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Jul 2023


Reviewer(s): Dharam Ramnani, MD | Last Update: 7/24/2023
Angiolipoma is a benign lipomatous tumor that usually presents as multiple, small, painful/tender subcutaneous nodules on the forearm, arm or trunk of young adults with a male predominance. Rare sites include oral cavity, intra-articular, extradural, and bronchial. About 5% cases are familial with an autosomal dominant inheritance.

Most angiolipomas have a normal karyotype but show mutations in PRKD2 gene which plays an important role in angiogenesis.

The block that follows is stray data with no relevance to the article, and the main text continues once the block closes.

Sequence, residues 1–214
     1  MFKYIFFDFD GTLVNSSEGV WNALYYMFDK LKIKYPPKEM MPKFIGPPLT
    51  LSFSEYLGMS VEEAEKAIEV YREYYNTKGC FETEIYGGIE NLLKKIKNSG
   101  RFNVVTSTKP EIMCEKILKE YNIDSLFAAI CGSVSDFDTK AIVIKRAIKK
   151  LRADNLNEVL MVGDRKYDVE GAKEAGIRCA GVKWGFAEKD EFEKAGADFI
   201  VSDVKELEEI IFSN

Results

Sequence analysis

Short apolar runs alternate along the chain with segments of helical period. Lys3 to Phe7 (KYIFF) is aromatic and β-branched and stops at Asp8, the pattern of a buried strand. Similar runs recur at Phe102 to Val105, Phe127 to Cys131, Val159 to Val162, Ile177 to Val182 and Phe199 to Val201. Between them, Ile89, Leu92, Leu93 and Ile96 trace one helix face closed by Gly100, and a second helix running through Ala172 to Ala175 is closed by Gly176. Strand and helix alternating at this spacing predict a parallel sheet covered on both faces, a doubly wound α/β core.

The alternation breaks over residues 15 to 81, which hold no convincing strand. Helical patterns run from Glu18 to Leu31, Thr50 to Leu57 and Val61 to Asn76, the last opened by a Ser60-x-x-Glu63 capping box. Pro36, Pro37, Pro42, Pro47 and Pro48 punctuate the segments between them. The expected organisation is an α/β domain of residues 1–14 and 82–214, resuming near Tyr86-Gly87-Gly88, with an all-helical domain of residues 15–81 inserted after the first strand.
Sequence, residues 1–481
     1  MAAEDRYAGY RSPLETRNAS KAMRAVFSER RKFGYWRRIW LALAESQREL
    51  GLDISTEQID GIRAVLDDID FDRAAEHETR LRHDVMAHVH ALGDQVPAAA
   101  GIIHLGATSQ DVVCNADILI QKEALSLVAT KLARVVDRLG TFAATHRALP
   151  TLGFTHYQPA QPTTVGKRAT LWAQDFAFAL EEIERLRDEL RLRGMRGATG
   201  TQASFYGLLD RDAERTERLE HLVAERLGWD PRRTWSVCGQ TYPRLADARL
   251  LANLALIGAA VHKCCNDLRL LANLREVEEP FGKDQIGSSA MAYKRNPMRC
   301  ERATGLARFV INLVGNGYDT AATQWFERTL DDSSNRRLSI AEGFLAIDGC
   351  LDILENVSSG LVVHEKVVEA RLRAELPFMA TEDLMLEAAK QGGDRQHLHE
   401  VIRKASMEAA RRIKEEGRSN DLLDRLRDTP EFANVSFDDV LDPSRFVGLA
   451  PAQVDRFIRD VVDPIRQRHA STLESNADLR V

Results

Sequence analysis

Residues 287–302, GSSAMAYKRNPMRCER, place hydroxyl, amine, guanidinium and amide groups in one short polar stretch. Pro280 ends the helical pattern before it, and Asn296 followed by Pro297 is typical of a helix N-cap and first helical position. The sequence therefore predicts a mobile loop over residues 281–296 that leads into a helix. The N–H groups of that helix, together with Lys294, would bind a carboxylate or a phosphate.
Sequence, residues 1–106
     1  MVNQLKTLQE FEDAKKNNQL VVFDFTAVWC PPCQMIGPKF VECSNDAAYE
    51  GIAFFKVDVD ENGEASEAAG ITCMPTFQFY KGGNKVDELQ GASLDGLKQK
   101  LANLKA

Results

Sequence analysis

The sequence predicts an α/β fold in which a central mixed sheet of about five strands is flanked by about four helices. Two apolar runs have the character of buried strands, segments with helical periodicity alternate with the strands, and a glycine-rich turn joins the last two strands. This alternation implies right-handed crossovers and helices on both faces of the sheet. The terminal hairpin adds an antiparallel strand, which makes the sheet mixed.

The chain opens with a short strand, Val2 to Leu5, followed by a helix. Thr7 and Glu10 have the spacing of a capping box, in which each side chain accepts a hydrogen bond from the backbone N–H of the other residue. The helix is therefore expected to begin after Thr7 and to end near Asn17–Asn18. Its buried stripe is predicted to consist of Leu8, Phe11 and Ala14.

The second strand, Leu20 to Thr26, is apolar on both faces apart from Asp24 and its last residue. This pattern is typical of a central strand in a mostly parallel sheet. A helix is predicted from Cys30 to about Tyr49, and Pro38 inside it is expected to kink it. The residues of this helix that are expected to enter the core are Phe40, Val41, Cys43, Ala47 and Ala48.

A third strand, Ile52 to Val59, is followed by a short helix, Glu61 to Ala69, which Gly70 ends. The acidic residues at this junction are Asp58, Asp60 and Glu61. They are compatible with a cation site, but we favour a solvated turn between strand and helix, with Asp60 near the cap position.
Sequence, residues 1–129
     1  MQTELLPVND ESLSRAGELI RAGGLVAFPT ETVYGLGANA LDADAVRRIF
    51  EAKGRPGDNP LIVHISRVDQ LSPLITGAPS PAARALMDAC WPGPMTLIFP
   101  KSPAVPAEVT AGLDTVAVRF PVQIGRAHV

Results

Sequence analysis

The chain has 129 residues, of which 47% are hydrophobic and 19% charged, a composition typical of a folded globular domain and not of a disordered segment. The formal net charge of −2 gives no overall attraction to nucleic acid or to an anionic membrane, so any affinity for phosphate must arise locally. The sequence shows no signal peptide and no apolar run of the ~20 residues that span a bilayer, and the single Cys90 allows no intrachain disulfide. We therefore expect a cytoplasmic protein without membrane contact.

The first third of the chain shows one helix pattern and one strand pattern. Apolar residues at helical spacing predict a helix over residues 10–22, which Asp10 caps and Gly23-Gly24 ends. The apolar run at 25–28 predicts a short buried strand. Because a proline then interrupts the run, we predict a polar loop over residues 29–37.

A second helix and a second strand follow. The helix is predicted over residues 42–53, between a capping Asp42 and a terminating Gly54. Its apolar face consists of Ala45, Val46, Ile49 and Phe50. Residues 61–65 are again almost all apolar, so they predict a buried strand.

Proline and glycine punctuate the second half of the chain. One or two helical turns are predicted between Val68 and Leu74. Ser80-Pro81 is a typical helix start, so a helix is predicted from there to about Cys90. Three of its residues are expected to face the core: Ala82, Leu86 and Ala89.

Grossly, they are circumscribed encapsulated yellow masses with a reddish tinge, usually measuring < 2 cm in size. They are composed of mature adipose tissue separated by a network of capillary-caliber blood vessels often containing fibrin thrombi. The lining endothelium lacks atypia. Cases with abundant adipose tissue resemble ordinary lipomas. Tumors with a prominent vascular component are called cellular angiolipomas.

The differential diagnosis includes ordinary lipoma, capillary hemangioma, intramuscular hemangioma, Kaposi sarcoma and angiosarcoma. Simple resection is curative. There is no risk of recurrence or malignant transformation.